Monday, 22 April 2024

Field: Arguing about a name makes us all look bad

When I first started farming in the early 1990s I searched for a name for my operation that I felt gave respect to the people who lived here before I did.

I looked through the Pomo dictionary written by local historian Henry Mauldin and learned that the big valley surrounding present-day Kelseyville where our family orchards were planted had been called “Yoxagoi.”

I filed all the forms to create “Yoxagoi Orchards.”

It was difficult for English and Spanish-speakers alike. After about a decade, I abandoned it for “Crail Field Farms,” which included the names of my children and my ancestors alike — and required less paperwork.

But I learned about the naming of things.

Nobody knew. Not one person ever told me they recognized the word “Yoxagoi.” Not only that but when I went to the store and told the cashier to put my purchase on my account, a difficult and unnecessary exchange always ensued.

Nobody could spell it. Nobody ever said they liked it. And certainly no one could pronounce it. I don't know if anyone alive today knows how to pronounce it.

Now, everyone knows “Kelseyville” as Kelseyville. If we were to change the name back to the native name of the place, it would become “Yoxagoi.”

I have first hand experience with this. It is not a good idea.

Why would we change the name? A few people have expressed they are hurt by the perceived respect it offers a man named Andrew Kelsey who has absolutely no respect in the community.

Not one person has stated that we should retain the name of Kelseyville out of respect for the rapist and murderer who preceded the current population. Not one.

But changing a name would be a victory for those groups, mainly the somewhat ironically named “Big Valley Band of Pomo Indians,” who have for eight to 10 generations coexisted with descendants of immigrant Europeans and others.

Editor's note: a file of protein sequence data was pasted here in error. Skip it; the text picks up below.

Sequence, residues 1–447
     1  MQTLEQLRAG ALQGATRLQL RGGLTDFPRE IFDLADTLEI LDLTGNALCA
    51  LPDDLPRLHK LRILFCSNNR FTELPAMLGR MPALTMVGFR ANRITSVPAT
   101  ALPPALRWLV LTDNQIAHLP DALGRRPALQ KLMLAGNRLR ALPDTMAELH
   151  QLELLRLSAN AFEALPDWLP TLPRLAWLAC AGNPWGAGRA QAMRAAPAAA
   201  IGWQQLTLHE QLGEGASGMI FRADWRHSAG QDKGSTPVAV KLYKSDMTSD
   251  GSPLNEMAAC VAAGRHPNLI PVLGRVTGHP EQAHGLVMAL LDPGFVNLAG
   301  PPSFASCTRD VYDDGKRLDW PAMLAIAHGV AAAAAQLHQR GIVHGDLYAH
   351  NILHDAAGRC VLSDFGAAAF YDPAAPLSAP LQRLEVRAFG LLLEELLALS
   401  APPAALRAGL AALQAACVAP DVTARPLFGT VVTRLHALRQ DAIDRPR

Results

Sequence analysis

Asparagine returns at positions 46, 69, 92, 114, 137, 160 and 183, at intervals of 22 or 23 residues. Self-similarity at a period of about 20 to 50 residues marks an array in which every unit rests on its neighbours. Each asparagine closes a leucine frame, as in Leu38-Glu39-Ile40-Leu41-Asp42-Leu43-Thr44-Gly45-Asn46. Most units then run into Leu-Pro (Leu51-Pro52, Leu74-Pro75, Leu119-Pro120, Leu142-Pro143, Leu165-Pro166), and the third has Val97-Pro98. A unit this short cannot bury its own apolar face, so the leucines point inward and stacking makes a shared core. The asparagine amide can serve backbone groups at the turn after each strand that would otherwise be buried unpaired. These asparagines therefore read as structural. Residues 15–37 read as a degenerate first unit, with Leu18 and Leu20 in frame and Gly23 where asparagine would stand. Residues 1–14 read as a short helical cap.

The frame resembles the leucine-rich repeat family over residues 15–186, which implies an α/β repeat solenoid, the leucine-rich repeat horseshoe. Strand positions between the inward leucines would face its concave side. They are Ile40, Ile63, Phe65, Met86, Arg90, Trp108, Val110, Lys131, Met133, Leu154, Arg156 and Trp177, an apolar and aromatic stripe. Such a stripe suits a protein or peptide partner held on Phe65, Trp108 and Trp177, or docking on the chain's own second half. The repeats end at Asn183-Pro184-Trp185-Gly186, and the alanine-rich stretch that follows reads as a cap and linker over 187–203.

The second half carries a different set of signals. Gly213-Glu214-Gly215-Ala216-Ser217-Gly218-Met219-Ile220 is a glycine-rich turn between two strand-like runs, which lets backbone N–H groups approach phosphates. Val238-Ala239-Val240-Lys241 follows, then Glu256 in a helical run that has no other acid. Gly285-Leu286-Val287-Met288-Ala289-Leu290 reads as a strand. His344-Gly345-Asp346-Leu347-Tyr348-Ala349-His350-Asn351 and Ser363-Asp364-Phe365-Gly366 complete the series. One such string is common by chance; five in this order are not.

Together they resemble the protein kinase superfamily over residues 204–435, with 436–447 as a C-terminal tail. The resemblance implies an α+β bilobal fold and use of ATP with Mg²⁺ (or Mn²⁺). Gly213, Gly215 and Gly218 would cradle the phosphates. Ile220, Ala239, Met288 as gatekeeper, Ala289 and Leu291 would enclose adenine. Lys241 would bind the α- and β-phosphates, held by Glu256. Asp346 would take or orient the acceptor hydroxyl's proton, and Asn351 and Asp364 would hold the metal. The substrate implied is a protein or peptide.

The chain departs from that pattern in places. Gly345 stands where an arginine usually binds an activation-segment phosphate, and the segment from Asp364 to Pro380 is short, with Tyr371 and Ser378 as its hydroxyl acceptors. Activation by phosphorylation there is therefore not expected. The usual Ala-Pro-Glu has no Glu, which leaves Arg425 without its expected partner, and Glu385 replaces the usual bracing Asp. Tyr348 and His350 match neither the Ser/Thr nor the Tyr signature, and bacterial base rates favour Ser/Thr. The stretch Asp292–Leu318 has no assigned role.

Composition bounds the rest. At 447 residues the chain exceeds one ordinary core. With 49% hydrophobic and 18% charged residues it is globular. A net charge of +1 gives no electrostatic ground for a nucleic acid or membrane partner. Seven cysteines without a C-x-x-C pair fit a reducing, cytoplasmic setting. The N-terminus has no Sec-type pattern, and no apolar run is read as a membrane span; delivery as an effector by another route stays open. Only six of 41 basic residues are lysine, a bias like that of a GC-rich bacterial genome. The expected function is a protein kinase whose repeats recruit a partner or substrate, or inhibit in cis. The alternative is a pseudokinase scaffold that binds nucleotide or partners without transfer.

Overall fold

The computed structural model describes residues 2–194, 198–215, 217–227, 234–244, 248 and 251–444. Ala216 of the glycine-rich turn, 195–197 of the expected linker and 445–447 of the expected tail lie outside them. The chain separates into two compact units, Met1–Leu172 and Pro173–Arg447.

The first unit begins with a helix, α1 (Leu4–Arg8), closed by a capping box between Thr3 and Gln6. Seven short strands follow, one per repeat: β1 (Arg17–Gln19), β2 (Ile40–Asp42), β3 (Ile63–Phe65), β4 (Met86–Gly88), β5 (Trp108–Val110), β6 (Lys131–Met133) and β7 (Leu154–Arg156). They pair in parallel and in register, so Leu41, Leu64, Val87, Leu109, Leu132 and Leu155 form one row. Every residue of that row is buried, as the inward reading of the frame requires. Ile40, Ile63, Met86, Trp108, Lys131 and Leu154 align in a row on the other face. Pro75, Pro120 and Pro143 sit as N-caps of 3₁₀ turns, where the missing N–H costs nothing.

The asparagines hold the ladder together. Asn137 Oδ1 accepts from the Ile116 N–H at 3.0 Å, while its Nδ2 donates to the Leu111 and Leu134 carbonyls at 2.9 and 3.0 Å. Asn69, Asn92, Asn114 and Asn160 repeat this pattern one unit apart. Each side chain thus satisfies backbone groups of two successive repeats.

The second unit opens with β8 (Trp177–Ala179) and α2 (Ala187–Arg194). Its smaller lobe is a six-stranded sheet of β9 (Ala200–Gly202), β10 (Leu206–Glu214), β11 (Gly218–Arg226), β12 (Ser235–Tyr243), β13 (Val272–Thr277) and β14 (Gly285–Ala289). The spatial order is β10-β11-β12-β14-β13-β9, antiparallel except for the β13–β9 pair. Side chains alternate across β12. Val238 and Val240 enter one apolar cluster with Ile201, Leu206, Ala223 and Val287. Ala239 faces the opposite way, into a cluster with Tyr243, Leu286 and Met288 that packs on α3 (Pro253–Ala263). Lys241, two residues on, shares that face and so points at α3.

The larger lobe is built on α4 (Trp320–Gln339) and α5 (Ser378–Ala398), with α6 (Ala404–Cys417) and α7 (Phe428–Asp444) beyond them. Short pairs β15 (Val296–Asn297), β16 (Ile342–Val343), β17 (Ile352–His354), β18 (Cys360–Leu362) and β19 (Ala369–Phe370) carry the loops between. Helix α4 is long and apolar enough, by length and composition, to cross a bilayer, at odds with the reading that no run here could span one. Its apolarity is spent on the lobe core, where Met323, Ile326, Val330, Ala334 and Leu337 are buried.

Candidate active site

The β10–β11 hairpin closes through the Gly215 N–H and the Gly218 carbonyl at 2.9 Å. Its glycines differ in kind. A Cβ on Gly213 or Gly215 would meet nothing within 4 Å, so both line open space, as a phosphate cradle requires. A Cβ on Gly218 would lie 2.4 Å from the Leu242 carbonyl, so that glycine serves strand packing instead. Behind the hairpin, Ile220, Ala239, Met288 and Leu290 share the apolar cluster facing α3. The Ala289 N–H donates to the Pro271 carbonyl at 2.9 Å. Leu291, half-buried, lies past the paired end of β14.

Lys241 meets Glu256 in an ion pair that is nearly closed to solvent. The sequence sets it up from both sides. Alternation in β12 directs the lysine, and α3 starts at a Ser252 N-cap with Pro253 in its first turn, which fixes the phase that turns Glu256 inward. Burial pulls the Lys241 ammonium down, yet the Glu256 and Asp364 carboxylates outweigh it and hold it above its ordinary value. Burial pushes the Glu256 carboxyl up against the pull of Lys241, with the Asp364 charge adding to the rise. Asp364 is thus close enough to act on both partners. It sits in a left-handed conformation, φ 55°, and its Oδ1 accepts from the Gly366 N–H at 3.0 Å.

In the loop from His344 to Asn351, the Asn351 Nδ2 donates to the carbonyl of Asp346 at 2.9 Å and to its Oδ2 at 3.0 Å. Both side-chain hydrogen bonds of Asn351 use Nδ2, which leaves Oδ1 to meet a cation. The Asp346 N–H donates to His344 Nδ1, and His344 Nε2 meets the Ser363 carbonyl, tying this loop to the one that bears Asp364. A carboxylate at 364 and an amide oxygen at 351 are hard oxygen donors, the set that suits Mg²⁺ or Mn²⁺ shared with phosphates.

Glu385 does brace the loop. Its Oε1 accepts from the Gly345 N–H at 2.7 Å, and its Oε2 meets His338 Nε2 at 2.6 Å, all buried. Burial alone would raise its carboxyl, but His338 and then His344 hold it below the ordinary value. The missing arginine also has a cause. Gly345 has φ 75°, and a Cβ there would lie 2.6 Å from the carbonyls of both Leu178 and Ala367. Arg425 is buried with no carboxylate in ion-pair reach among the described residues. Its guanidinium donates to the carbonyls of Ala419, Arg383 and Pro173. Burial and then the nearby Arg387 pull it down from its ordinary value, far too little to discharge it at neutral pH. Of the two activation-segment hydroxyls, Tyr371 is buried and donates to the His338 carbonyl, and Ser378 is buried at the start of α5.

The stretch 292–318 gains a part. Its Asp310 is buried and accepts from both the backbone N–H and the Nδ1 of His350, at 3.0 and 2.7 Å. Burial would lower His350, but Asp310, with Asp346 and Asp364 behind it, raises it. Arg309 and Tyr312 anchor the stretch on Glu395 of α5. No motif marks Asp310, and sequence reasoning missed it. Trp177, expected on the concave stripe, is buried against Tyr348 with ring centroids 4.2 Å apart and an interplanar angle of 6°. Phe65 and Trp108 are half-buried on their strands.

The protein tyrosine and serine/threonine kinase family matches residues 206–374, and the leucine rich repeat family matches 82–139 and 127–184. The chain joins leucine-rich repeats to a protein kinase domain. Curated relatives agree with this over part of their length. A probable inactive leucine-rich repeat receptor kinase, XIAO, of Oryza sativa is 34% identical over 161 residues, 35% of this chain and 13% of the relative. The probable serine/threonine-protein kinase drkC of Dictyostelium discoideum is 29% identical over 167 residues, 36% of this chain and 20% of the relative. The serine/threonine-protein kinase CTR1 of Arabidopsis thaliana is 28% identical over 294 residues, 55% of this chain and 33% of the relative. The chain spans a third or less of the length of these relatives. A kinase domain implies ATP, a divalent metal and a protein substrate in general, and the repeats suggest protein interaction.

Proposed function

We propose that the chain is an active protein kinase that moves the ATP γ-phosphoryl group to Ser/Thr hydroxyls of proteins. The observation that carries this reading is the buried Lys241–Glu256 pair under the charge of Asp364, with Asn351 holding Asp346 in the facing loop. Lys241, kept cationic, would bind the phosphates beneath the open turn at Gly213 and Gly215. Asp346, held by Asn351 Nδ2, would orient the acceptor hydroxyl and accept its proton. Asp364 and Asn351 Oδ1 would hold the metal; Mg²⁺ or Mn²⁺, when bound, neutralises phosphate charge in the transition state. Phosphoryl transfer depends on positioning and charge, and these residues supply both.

My question is why not, as the past Lake County museum curator suggested, simply change the narrative?

In that option honor is given to another Kelsey — C.E. Kelsey, who in the early 1900s served as secretary of the Northern California Indian Association and, in that capacity, crusaded for the rights of California tribes. He successfully lobbied Congress to create rancherias for non-reservation tribes. He also served as a special agent to the region’s Indian Office, advocating for tribes including those in Lake County.

No one would have to change the name of their business, no one would be honoring a horrible person, no one would lose decades of branding invested by community leaders. And nobody would have reason to feel hurt.

We could furthermore rectify things by creating art in public places that honors the history. I personally would like a statue of the little girl who survived the Bloody Island massacre by submerging herself in the lake and breathing through a reed.

The divisiveness created by arguing about a name makes us all look bad.

Maile Field lives in Kelseyville, California.

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